As a follow up to our video introduction to droplet digital PCR we are proud to present you with an advanced video presentation on droplet digital PCR technology. Please have a look and let us know what you think!
Archive for the ‘Bio-Rad Tutorial’ Category
As a follow up to Bio-Rad’s acquisition of QuantaLife, we are proud to present the following educational training video: “An Introduction to Droplet Digital PCR”, given by award winning field application specialist Dr. Sean Taylor.
Be sure to stay tuned for the advanced training video which will be posted in the near future.
QuantaLife, which was recently acquired by Bio-Rad Laboratories, produces an innovative droplet digital PCR system that provides quantification of target molecules with unprecedented precision and sensitivity. In the videos that follow, QuantaLife’s VP of Application Development Dr. Serge Saxonov, introduces Droplet Digital™ PCR and explains various aspects of the technology.
Protein blotting is a staple technique of most molecular biology and proteomics laboratories. In previous posts, we discussed topics such as semi-dry protein transfer and protein transfer methods, and we even did a multi-part series on western blotting.
Now, we are proud to present you with a 43 page protein blotting guide put together by Bio-Rad Laboratories. The guide is organized into two parts which cover the theory and methods behind protein blotting. You will learn topics such as methods and instrumentation, the difference between various membranes and tranfer buffers, the ins and outs of transfer conditions, detection and imaging and a host of different blotting and detection protocols.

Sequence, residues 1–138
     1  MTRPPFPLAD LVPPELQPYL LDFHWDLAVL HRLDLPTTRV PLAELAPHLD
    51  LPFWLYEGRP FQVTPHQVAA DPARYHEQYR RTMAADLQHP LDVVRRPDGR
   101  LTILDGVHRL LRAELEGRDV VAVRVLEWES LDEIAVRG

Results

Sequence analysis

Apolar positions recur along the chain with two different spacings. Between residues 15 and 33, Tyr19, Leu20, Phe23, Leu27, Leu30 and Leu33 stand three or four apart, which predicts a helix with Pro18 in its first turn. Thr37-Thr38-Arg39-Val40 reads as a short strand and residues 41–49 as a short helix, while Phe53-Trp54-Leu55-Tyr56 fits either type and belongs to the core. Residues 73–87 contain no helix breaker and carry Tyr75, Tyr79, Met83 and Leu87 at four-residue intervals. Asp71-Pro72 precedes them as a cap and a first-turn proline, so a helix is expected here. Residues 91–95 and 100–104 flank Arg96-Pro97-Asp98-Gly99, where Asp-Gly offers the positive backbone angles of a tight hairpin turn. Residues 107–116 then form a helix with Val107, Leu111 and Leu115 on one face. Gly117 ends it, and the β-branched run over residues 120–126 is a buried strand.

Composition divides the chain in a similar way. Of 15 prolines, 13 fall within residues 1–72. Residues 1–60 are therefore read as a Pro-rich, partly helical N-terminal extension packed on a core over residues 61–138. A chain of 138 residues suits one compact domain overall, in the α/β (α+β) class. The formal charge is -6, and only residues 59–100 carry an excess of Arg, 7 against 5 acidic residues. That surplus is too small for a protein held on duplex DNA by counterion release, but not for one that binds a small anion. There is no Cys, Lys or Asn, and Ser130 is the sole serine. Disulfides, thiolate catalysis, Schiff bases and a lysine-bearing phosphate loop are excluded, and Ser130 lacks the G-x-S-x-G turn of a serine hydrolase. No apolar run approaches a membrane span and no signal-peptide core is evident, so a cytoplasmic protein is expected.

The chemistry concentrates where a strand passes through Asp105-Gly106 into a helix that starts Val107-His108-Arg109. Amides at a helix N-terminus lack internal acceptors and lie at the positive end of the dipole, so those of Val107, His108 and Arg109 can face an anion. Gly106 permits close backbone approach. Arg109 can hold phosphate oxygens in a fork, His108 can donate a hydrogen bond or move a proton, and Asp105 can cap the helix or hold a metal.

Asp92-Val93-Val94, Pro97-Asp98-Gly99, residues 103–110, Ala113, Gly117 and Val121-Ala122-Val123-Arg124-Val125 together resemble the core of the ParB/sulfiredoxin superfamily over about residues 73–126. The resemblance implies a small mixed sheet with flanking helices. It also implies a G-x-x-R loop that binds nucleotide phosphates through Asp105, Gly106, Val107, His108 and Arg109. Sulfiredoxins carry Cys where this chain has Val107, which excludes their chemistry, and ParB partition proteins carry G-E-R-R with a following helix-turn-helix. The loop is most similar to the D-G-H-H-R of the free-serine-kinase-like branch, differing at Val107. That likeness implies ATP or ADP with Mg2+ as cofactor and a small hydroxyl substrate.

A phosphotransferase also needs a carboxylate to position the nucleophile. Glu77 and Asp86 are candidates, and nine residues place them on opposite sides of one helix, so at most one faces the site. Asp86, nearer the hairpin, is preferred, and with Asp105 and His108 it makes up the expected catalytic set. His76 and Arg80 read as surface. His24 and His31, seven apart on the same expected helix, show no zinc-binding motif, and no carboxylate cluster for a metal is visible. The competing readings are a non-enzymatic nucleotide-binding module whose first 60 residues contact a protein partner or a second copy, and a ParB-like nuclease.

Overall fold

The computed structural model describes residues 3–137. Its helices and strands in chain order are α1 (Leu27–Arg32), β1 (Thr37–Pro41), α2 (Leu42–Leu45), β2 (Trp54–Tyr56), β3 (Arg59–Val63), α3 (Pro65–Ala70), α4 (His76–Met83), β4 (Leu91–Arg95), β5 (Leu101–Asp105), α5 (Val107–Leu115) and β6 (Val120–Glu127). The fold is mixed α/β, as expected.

The guide is fairly technical and is appropriate for both novice and advanced users alike.
Click on the link to download the Protein Blotting Guide now.
With its proprietary transfer buffer, the Trans-Blot Turbo system generates very fast transfer even for high molecular weight proteins. However, as indicated previously, the gel composition, i.e. the acrylamide – bis-acrylamide network density, influences the transfer efficiency. A protein can more easily move out of the gel during the transfer if it is located in a portion of gel that has the widest pore structure. As proteins above 150 kD are always located on the first top part of a gel, the most efficient transfer of those large proteins is achieved when using gradient gel with a concentration of 4% of acrylamide – bis-acrylamide at the top of the gel. The transfer efficiency of proteins from an Any kD homogeneous acrylamide gel and a 4-20% gradient gel is illustrated.